written by Aaron Spencer
Leasing is an important activity for many organizations. It provides a means of gaining access to assets, obtaining financing, and reducing an organization’s exposure to the risks associated with asset ownership. However, significant change is coming to lease accounting under U.S. GAAP.
The FASB and IASB convergence efforts continue to churn as standard-setters attempt to rewrite the accounting rules for recording and disclosing leasing transactions as part of a joint project and a larger effort to improve consistency between US GAAP and IFRS (International Financial Reporting Standards).
Leased assets can include real estate, airplanes, trucks and automobiles, ships, and construction and manufacturing equipment. Because of its prevalence, it’s important that financial statement users be able to gain a clear understanding of an organization’s leasing activities.
Clarify and Recognize Lease Transactions
The existing accounting model requires lessees and lessors to classify their leases as either capital or operating. This model has been criticized widely for failing to meet the needs of financial statement users by not always providing faithful representation of leasing transactions. This has resulted in a growing sentiment expressed by financial statement users and other stakeholders to change accounting rules to require that an asset and corresponding liability be recognized for all lease transactions, and that the concept of operating leases should be removed from existing lease standards. Those in favor argue that this increases transparency and comparability among organizations with assets under lease.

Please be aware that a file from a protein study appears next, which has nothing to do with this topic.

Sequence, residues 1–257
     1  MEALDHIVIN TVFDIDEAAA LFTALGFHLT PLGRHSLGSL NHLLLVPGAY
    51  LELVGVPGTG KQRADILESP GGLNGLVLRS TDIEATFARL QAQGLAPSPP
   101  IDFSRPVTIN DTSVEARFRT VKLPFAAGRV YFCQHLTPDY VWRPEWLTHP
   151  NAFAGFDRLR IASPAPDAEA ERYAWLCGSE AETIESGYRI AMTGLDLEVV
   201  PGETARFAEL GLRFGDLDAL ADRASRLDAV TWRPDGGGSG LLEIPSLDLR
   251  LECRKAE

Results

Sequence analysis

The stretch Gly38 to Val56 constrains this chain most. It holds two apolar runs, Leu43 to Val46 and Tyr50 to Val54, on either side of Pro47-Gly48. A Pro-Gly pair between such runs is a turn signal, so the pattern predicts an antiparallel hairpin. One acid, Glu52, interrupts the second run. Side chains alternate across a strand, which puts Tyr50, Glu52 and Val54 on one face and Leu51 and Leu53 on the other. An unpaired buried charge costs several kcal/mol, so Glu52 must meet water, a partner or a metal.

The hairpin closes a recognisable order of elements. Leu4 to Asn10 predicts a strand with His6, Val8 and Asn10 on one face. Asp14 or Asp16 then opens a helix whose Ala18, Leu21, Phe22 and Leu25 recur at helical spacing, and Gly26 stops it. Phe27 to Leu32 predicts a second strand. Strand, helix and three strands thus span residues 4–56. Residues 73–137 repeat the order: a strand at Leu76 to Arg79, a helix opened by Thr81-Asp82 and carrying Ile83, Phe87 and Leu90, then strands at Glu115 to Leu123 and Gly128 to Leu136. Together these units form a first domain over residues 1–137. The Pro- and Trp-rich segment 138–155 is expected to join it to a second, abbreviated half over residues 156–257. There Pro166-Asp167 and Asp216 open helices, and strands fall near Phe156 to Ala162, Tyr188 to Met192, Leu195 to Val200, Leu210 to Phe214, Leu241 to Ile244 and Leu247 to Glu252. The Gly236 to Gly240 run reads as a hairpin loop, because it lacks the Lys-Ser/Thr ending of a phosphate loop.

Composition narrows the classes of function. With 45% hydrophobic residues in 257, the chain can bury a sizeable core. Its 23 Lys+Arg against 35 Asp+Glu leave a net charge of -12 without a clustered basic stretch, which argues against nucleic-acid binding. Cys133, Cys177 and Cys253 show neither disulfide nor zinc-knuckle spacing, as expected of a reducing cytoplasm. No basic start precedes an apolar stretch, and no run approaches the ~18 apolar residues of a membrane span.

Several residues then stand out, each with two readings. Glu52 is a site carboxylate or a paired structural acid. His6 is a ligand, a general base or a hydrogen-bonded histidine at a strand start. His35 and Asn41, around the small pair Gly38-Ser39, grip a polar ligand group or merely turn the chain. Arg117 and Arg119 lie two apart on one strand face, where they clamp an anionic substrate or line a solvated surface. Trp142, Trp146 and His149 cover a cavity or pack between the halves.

As previously mentioned, the core principle of the proposal is that an organization should recognize assets and liabilities arising from a lease. Existing standards do not require balance sheet recording for leases classified as operating. The recognition, measurement, and presentation of expenses and cash flows arising from a lease would depend primarily on whether the lessee is expected to consume more than an insignificant portion of the economic benefits embedded in the underlying assets. For practical purposes, this assessment would often depend on the nature of the underlying asset.
Eight years ago, the SEC recommended that such changes be made. Academic studies have offered similar recommendations. However, FASB has been slow to act as the change is considered very significant and would affect a tremendous number of organizations. On May 16, 2013, the FASB issued a revised Accounting Standards Update Expose Draft that addresses these proposed changes.
The standard-setting Boards plan to meet in the fourth quarter of 2013 to consider all feedback and begin redeliberations of significant issues. The timing is uncertain, but these accounting rules changes are certainly on the horizon, and many feel that we could see issued authoritative guidance in the next 18 months. It’s important that financial statement users begin planning for these changes now.
If you have any questions about Lease Accounting, please contact us 417-881-0145.